othor men gottlng theirs.
So I pushed up to tho head of tho
line, with tho crew of 11. M. 8. Nomad,
who hnd been captured In tho Jutland
battle, and by tho timo wo got to tho
hospital was the very first man In line.
But the sentry threw mo back and
there wcro sorernl men nhend of roc.
Each of them bared his chest and tho
doctors slashed them across tho breast
with n very Uitn knife, so you can seo
that It was very paluful. When It
camo to my turn they slushed mo thrco
times In the shapo ot u trlanglo Just to
ono side of tho hrenst. And that was
nil thcro wns to It no Injection, noth
ing on tho kntfo that I could sec.
Now, I do not Know what the Idea
was. Every man of us wns dltzy for
the rest of the day and could not do
anything hut lay around the barracks.
And hardly any of us bled a drop,
Just another dcniwn trick that no ono
could exptaln.
Ono day n war correspondent nnracd
Bennett, from n ChtcnRo paper, camo
to tho camp and went through nil tho
barracks. When ho enmo to our bar
racks I told him I wns nn American
and asked for tho news. Instead of
answering ho began to nsk all sorts
of questions. Finally, after I hnd told
him I hnd been In tho French sen-Ice,
I asked him If ho could help mo In any
way. Ho nnswered thnt I had only my
self to blamo and thnt Jt served mn
right If I hnd been In one of tho allied
I did not llko his looks much nnd ho
seemed unfriendly, but when ho began
smoking a cigarette It almost drove mo
crazy nnd I could not help nuking for
one. Ho refused me nnd said I should
havo stnyed In my own country, whero
I could hnvo hnd p'enty of cigarettes.
After a whllo ho throw nway a ciga
rette stub and not only I but thrco or
four others who wcro near made a dtvo
for It A man nnmed Kelley got li
ft crazy man who went around trying
to fat wood and cloth -and anything
he could find. . v
When my threo weeks wero up and
I had not heard from Mr. Gerard I was
Just about ready to go down to tho
lako and pick out a vacant spot and
lay down In It I realty do not think
I could havo lasted two weeks longer.
And Just about that time, as I waa
walking back to barracks ono day, a
Frenchman showed mo n German
newspaper, and thero In largo type on
tho top of tho first page It said that
Mr. Gerard hnd left tho country, or
was gelling ready to leave. They had
to dreg mo tho rest of tho way to tho
barracks and throw fnow on mo befuro
I came to.
tOunner Dejxjw'a lntervlw with Mr,
Gerard took place at tha Dulmen pvfeon
camp on or about February 1, 1917. On
February J. our state department demand
ed the releaie of sixty-two American
captured on British vesaela and held as
prtaonera In Clermany, On the lama day,
President Wilson severed diplomatic rela
tions with Oermany. Ambassador Gernrd
left Germany exactly one week later, Tho
newspaper that Ounner Depew saw must
have been Issued after February 1& It
waa not until March 9, HIT, however, that
Ounner Depew was actually released from
Brandenburg. Editor's Note.
I do not know what hnppencd daring
tho next few days.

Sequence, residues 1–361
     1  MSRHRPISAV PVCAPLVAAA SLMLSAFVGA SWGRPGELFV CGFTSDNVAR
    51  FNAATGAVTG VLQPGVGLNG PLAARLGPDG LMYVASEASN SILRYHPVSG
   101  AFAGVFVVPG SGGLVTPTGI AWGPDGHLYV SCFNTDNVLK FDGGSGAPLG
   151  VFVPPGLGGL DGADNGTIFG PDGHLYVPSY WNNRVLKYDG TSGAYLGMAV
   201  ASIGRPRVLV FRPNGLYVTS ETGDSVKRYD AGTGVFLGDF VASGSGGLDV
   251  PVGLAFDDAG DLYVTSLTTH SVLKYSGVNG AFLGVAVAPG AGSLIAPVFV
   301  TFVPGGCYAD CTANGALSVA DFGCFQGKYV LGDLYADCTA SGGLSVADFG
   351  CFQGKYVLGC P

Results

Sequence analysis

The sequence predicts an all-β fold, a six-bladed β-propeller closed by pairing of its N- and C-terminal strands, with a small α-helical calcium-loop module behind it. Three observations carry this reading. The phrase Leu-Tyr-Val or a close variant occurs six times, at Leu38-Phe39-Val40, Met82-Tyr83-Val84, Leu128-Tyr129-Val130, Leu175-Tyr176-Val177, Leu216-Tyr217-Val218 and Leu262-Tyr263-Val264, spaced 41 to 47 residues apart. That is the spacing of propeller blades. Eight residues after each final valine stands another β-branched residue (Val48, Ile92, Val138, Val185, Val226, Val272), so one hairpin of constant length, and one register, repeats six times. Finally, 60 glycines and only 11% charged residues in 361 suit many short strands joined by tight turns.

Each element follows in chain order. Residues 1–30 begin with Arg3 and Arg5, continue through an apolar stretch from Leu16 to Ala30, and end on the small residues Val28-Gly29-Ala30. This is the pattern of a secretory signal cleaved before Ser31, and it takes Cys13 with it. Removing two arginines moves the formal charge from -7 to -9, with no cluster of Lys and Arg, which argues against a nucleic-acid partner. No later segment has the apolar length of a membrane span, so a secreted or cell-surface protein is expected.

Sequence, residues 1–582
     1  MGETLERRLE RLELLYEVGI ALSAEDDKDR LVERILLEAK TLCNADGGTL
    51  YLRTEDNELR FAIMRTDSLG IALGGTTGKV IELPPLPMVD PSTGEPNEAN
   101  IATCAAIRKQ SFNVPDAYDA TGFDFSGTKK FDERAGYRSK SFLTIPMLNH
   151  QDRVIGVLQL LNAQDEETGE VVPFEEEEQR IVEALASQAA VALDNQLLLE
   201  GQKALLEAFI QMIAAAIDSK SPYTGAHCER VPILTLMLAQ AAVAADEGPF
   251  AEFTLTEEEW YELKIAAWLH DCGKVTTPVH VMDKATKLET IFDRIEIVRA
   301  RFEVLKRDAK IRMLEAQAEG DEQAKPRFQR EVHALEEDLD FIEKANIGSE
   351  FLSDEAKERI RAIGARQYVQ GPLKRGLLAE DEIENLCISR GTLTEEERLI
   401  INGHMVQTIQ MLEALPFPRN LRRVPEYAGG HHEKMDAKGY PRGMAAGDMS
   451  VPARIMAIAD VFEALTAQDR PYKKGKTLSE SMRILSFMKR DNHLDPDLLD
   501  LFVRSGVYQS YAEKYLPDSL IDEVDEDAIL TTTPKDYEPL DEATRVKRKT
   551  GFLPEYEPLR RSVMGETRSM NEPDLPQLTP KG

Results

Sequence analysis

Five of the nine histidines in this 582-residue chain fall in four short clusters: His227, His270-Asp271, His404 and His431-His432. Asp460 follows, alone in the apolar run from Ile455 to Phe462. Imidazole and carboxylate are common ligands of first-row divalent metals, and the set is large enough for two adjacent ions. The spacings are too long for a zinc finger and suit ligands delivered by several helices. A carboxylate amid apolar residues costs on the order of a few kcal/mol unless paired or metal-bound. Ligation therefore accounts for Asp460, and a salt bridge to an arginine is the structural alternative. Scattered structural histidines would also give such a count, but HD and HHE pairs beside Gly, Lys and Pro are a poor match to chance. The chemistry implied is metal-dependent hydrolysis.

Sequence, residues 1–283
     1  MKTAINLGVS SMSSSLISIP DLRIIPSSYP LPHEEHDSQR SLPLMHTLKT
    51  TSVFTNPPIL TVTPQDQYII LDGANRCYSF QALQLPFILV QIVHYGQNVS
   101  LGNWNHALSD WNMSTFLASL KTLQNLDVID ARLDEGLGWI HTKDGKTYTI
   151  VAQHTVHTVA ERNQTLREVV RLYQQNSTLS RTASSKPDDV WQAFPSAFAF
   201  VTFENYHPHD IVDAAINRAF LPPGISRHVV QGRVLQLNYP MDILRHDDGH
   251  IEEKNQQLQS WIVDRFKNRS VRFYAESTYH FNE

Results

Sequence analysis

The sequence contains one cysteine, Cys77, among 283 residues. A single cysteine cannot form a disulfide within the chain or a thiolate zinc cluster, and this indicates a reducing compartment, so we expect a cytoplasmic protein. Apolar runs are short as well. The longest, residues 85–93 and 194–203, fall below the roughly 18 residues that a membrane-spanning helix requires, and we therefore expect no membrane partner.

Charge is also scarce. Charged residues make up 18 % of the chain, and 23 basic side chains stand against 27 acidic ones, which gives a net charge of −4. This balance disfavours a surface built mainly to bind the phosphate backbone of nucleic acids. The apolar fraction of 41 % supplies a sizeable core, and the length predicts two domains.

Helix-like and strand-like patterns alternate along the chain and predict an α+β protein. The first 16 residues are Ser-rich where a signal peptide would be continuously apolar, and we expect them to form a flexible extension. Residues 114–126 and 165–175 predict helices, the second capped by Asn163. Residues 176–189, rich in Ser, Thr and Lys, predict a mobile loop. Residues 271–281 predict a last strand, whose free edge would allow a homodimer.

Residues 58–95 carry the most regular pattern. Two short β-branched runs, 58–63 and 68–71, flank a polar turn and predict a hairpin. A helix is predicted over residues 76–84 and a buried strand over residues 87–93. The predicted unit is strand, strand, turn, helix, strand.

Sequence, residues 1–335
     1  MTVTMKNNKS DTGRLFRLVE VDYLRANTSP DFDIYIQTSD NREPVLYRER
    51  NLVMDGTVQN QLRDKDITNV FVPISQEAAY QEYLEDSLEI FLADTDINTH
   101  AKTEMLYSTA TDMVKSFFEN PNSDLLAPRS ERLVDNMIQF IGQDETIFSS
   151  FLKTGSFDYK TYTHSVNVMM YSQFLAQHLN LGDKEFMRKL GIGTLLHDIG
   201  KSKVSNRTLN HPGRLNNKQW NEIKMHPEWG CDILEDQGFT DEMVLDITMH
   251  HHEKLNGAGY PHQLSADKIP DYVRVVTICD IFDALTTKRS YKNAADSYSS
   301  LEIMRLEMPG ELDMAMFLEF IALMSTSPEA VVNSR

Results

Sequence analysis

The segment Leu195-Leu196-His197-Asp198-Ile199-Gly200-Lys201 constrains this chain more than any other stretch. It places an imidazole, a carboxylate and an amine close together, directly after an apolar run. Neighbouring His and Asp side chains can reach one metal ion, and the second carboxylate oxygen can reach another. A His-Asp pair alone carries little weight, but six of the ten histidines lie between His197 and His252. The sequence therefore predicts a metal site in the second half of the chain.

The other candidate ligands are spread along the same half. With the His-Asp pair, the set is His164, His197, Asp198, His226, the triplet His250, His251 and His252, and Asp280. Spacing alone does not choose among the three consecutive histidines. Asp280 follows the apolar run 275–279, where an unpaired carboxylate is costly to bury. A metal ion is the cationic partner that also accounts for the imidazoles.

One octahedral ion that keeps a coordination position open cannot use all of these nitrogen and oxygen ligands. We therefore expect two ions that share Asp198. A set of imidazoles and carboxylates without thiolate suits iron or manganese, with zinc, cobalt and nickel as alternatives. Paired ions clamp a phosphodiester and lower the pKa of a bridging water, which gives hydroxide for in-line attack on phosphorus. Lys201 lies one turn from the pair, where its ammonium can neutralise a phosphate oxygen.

But a week or so Inter tho Spanish
ambassador and four German officers
snd Swutts camo to our barracks and
tho ambassador told mo I would bo
released I It was all I could do to
keep from fainting again. Then Swntts'
naked yio In English If I hod anything
to say about tho treatment In tho
camp, and I began to think maybe
It was a frame-up of some kind, so all
I said was, "When will I get out of
hero?,r nnd ho said, "Why, you will be
released tomorrow."
I did pot wait to hear any more, but
rushed Into tho barracks again, singing
and- whistling and yelling ns loud us I
could. Tho boys told mo my face was
very red and I guess what llttlo blood,
I bad in my- body had rushed to my
head, because I could hardly walk for
a few talautea.
Then tho men began to think X was
crnsy, nnd none of them believed X
would really bo released, but that X
was going to bo sent to tho mines, nn
so mnny wero. Hut I believed It, nnd.
I just sat thero on my bunk und be
gan to drenni of tho food I would gut
nnd what I would cut first, nnd so an.
I did .nut sloop that night Just
walked from burrncks to bntruckn tin
till they chased mo nway, nnd then
walked up nnd down In tny own bur
racks tho rest of tho night When X
got to the Ilusslnn bnrrncks and told
the two doctors my news, they would
not believe me nt nil, although thoy
know thcro hnd been some Important
visitor at tho camp.
But when I walked out ot their door
I said, "Dobra vetshav," which moans
"Good night I" Then thoy must have
believed me, for they called mo back,
and all tho men gave mo addressed of
people to wrlto to In case I should get
They wero all talking nt once, nnd
ona ot tho doctors gut very excited nutl
got dowu on his knees wltlr- his hands
In tho air. "Albert," ho snld, "If you
havo tho God-gtvcu luck to gut out of
Germany not for nty suke, but for
tho nnko ot us who nro hero In this
hell-hole, promise tuo you will tell all
tho people wherever you go whnt they
aro doing to us hero. Tell thuui not to
scud mouey, for we cnu't cut money,
nnd not meat Just bread, bread,
And when I looked around all tho
men wcro sitting on their beds crying
and tearing their hnlr nnd saying,
"bread, bread, bread," over nnd orer
ngnln. Then each tried to glvo mo
somothlng, as If to say that oven If
they did not get out, perhaps tlulr but
ton or belt tr skull cup would gut back
to civilization. '
When I left their barracks I began
to cry, becauso It did not seem pos
sible that I wns going nway, and al
ready I could sco them stnrvlng slow
ly. Just ns I had been stnrvlng.
Tho next morning n sentry camo to
my barracks, called out my namo nnd
took mo to tho commander of tho
camp. They searched me, nnd then
drilled mo back to barracks again.
Then tho men all thought they wero
Just playing a Joko on me, nud thoy
said so.
Tho snmo thing happened tho next
day, nnd whorl ono of tho men said
that probably I would bo slammed up
against a wall nnd shot, I began to feel
shaky, I can tell you.
But tho third morning, after they
hnd ncprched me, tho commander said,
"Well, you'll havo to havo it bath be
fore you leave tho country," and I
was so glad Mat I did not mind about
tho bnth, although I remembered tho
last ono I had, und It did not agrco
very well with mo. After tho bath,
they drilled mo out Into tho road.
Thero wcro four sentries with me,
but not Swntts, nor did I sco Mm
anywhero nround, for which I was sor
ry. But all tho boys came down to
the barbed wire, or to the gate, and
somo wcro crying, and others were
cheering, and all of them wero very
much excited. But after a mlnuto or
two they got together again and tho